Conodont anatomy, chordate phylogeny and vertebrate classification

  title={Conodont anatomy, chordate phylogeny and vertebrate classification},
  author={Philip C. J. Donoghue and Mark A. Purnell and Richard J. Aldridge},
Interpretations of conodont anatomy and affinity continue to generate controversy. Fossilized soft-tissue evidence indicates that conodonts possessed eyes, extrinsic eye muscles, a notochord, myomeres, a differentiated tail with fin radiais, possible otic capsules and possible branchial structures. Indirect evidence suggests a differentiated brain and cartilaginous head skeleton. The multi-component phosphatic tissue complexes of the conodont feeding apparatus cannot be compared to the… 

Tables from this paper

False teeth: conodont-vertebrate phylogenetic relationships revisited
An evidence-based reassessment of the phylogenetic relationships of conodonts shows that they are not “stem” gnathostomes, nor vertebrates, and not even craniates, which supports neither a vertebrate nor a craniate relationship for conodons.
The origin of conodonts and of vertebrate mineralized skeletons
The hypothesis that teeth evolved before jaws and the inside-out hypothesis of dental evolution must be rejected; teeth seem to have evolved through the extension of odontogenic competence from the external dermis to internal epithelium soon after the origin of jaws.
Growth and feeding ecology of coniform conodonts
Conodonts were the first vertebrates to develop mineralized dental tools, known as elements. Recent research suggests that conodonts were macrophagous predators and/or scavengers but we do not know
Morphometric analysis of taxonomy, evolution, autecology and homology in ozarkodinid conodonts
This study has quantified evolutionary rates in conodonts for the first time and the methods and results presented here have the potential to catalyse comprehensive morphometric analysis of conodons using these widely applicable protocols.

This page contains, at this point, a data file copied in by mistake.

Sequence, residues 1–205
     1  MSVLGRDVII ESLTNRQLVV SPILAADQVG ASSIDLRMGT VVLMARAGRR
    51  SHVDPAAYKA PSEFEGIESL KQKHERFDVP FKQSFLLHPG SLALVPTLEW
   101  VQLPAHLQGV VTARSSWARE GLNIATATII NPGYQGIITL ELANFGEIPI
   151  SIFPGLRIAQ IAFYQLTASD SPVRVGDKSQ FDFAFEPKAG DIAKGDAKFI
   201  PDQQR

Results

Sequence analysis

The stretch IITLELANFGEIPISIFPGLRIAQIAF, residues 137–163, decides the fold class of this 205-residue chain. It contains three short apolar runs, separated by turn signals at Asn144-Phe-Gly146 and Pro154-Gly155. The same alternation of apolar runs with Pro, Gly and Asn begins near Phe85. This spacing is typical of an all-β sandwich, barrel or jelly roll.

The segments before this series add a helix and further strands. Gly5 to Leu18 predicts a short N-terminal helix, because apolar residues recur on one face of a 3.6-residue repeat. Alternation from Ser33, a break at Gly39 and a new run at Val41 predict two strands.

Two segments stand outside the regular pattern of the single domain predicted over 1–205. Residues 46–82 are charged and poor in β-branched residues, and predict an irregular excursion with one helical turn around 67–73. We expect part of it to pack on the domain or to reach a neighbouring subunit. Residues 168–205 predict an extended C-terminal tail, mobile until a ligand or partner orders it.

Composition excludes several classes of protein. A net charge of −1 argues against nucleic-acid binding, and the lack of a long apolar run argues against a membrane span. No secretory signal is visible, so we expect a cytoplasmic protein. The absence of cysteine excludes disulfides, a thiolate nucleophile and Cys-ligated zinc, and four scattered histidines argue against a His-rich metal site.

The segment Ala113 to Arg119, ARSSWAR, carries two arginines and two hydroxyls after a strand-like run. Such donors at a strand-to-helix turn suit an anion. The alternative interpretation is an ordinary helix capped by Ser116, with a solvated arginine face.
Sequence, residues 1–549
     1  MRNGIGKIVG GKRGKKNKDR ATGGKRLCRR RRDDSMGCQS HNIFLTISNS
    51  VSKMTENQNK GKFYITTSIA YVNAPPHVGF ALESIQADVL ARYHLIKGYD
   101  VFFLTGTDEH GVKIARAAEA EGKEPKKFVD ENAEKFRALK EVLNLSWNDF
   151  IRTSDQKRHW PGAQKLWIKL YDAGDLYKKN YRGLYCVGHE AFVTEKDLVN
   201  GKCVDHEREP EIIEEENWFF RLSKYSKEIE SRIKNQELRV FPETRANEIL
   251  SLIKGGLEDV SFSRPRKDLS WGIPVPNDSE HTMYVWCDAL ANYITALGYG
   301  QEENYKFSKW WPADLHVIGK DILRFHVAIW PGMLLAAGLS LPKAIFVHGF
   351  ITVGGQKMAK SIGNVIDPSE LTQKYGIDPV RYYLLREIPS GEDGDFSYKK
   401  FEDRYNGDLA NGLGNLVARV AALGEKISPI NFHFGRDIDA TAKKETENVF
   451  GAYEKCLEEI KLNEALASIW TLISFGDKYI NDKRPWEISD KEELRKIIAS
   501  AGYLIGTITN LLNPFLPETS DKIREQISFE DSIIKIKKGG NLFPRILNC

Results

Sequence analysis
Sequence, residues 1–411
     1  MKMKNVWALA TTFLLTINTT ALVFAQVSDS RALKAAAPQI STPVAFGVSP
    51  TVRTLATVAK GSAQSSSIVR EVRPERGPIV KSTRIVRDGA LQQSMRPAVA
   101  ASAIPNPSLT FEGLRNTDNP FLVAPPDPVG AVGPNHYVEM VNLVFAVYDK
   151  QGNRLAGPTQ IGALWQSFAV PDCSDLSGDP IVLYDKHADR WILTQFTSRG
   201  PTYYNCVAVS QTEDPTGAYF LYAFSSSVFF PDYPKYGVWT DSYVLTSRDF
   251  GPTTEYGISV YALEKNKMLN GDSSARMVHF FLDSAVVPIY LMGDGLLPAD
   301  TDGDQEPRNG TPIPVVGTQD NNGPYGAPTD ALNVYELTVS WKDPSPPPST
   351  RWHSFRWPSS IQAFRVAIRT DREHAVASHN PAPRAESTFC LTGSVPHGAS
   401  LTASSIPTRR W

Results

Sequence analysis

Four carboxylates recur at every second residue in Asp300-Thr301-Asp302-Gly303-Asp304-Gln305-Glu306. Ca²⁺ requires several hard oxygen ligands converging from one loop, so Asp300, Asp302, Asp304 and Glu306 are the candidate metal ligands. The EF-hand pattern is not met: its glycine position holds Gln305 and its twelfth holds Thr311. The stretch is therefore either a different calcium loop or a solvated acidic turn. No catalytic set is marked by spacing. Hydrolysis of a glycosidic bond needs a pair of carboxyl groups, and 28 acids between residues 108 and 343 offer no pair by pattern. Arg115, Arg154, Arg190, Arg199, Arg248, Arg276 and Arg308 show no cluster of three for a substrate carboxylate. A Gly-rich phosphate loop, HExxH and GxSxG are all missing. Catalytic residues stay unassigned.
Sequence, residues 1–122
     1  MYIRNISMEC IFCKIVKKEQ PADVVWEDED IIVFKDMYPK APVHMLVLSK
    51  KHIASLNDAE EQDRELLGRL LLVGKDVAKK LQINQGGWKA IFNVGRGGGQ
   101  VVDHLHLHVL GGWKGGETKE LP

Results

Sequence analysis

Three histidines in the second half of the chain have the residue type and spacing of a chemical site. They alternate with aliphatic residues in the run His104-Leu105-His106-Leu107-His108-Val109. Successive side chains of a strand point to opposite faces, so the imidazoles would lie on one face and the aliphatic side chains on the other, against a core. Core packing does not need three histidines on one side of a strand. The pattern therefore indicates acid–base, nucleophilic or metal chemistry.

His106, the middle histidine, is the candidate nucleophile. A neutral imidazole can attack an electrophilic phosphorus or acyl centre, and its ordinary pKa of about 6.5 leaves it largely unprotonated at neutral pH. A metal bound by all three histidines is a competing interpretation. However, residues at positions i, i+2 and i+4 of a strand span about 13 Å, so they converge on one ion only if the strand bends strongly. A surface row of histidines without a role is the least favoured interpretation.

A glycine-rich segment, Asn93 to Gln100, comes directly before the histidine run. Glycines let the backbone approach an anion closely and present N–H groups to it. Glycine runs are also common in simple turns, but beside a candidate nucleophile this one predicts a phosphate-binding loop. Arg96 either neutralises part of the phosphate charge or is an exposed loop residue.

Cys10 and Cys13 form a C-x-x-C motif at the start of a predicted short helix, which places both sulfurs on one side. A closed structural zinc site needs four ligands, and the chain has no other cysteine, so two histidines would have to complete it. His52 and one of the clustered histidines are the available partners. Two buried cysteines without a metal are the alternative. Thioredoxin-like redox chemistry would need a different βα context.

The hypothesis that conodonts are vertebrates rests solely on evidence of soft tissue anatomy, and it is found that the range of microstructural variation observed hitherto was already apparent among plesiomorphic euconodronts.
Growth allometry and dental topography in Upper Triassic conodonts supports trophic differentiation and molar-like element function
The results indicate that Late Triassic species occupied the predator/scavenger niche in spite of the highly developed diversity of gnathostomes in this niche, and supports trophic diversification as an important driver of the remarkable disparity of their elements.
A critical reappraisal of the fossil record of the bilaterian phyla.
It is shown that the prospect of lineage diversification occurring early in the Proterozoic can be seen to be unlikely on grounds of both parsimony and functional morphology, and this analysis points to the requirement for a careful application of systematic methodology before explanations are sought for alleged patterns of constraint and flexibility.
Directional evolution in the conodont Pterospathodus
  • David Jones
  • Geography, Environmental Science
  • 2009